This is part of a guest-post “swap” with Julia from Bargain Babe. After you are done reading, be sure to head on over to her site to see the post I wrote for her!
The Bargain Babe, aka Julia Scott, writes about saving money on everyday expenses at BargainBabe.com. In the two years she has been blogging about personal finance, she has become a real cheapskate. Here is her post about unnecessary spending.
I just finished a whole carton of Neapolitan ice cream on my own. It took me a few days, but that’s beside the point: I am powerless when it comes to saying no to ice cream.
I am not alone. But for many people, the problem is not ice cream, but spending. Some 44 percent of Americans carry revolving credit card debt, according to a recent survey by the National Foundation for Credit Counseling. A spokeswoman at the Foundation named Gail Cunningham helped me understand why can’t we say no to spending.
- We focus on instant gratification. I know the ice cream is going to slow me down on my next run, but I’m so fixated on the pleasure I derive during the four minutes it takes me to scarf down a bowl that I tell myself I’ll do 100 crunches later to make it up. I’m still waiting for later.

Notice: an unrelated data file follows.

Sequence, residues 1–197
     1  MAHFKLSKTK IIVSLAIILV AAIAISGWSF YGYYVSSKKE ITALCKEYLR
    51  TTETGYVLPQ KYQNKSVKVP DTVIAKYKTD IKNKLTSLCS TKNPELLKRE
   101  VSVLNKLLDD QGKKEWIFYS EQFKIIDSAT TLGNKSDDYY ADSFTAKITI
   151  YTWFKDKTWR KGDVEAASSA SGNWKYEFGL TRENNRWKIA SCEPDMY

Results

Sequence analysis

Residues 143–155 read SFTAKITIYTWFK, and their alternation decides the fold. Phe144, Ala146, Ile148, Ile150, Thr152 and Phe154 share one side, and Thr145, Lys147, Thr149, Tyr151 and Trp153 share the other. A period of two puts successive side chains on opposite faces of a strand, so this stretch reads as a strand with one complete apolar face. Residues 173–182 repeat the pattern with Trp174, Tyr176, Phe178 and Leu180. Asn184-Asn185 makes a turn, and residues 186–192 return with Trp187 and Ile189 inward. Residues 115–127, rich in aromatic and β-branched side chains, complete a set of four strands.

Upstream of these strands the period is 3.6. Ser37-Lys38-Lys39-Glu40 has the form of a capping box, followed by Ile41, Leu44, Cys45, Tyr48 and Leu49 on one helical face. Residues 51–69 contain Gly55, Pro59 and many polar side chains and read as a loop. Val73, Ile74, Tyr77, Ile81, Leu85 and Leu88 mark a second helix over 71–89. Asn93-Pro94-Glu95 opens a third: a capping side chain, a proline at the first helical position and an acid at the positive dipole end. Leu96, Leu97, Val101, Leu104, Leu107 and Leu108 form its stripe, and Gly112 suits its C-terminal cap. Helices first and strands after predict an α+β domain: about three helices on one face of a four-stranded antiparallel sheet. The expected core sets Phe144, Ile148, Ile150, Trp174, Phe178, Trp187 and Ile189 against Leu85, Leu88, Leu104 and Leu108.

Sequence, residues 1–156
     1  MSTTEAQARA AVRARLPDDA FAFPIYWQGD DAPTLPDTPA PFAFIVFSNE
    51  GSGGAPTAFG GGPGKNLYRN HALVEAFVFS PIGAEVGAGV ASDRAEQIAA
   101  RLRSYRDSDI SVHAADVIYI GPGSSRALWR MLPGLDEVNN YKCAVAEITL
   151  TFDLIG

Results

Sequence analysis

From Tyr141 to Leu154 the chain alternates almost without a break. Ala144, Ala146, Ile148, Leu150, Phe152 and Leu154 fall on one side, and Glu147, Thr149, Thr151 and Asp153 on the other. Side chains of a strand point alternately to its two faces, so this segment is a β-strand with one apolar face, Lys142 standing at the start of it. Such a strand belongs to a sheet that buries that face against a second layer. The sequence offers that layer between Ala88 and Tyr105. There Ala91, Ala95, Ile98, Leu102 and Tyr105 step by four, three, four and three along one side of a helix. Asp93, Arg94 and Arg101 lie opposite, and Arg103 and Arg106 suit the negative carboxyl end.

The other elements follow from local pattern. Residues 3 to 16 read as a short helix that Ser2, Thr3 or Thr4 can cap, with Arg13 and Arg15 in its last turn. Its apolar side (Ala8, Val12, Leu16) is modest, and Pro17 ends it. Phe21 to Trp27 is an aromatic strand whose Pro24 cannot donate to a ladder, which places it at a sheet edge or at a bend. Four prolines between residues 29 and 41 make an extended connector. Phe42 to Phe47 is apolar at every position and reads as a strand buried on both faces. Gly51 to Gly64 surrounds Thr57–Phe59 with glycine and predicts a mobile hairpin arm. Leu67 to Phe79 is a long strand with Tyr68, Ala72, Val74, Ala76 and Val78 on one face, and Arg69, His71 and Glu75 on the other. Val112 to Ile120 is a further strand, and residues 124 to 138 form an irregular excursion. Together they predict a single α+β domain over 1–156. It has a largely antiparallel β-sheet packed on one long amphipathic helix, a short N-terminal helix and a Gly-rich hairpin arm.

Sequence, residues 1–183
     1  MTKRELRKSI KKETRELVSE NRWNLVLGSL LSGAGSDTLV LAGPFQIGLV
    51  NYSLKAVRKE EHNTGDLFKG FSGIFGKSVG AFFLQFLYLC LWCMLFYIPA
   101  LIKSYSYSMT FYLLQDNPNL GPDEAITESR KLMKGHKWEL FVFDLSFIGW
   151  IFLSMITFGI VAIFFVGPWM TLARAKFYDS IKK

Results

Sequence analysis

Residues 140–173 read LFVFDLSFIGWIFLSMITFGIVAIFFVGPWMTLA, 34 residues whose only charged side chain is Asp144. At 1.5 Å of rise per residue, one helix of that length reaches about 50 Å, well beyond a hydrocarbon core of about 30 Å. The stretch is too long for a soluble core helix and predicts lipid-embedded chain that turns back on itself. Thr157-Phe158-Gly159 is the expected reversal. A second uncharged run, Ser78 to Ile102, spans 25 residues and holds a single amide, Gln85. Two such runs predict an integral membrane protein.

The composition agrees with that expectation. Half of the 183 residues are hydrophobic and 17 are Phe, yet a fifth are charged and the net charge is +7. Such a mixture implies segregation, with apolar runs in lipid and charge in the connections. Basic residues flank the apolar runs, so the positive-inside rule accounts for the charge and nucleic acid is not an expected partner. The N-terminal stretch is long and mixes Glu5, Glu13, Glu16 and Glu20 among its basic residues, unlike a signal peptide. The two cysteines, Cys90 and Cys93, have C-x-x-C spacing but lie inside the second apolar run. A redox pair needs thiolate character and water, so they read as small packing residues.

- Spending is a lot more fun than saving, Gail pointed out.
- We think the buyer’s high will last. Unfortunately, a few hours or days after bringing home a new pair of shoes or electronic toy, reality sinks in. A bill is coming.
- Spending is a habit. Ever try to break one? It’s haaaard.
- We treat shopping as a recreational activity and put little thought into spending, Gail said.
- Culturally we’re taught we need more and more stuff, the latest product, this season’s “in” pair of shoes.
When I was chatting with Gail I didn’t tell her about my ice cream problem. But savvy lady that Gail is, she picked right up on it.
“When you go on a diet, let’s call it a debt diet, don’t go to the mall,” Gail said. “Put temptation behind you.” If you must shop:
- Leave your credit cards at home.
- Freeze your cards in a block of ice. If really need that item, let the ice melt naturally. Using the microwave is cheating!
- If not through ice, create time to catch your breathe and evaluate your purchases.
- Enforce a 30-day waiting period for big ticket items.
- Track your spending. Not very fun, but very savvy. Put your spending in writing and let it stare you in the eyes.
- Take charge of your money. Instead of letting your spending habit take over, spend and save with purpose. Chose concrete items, like a summer vacation or your daughter’s prom dress, that you are putting your money toward.
- Use cash, Gail said. Many people spend less if they use cash instead of credit cards.
How do you control your spending? Have any of these ideas worked for you? Join in on the discussion by leaving a comment!
Julia Scott is a cheapskate by nature and a journalist by training. If you enjoyed this article please consider subscribing to her updates! In addition, don’t forget to visit my guest-post, Cash Vs. Credit: Which Side Are You On?, on her blog!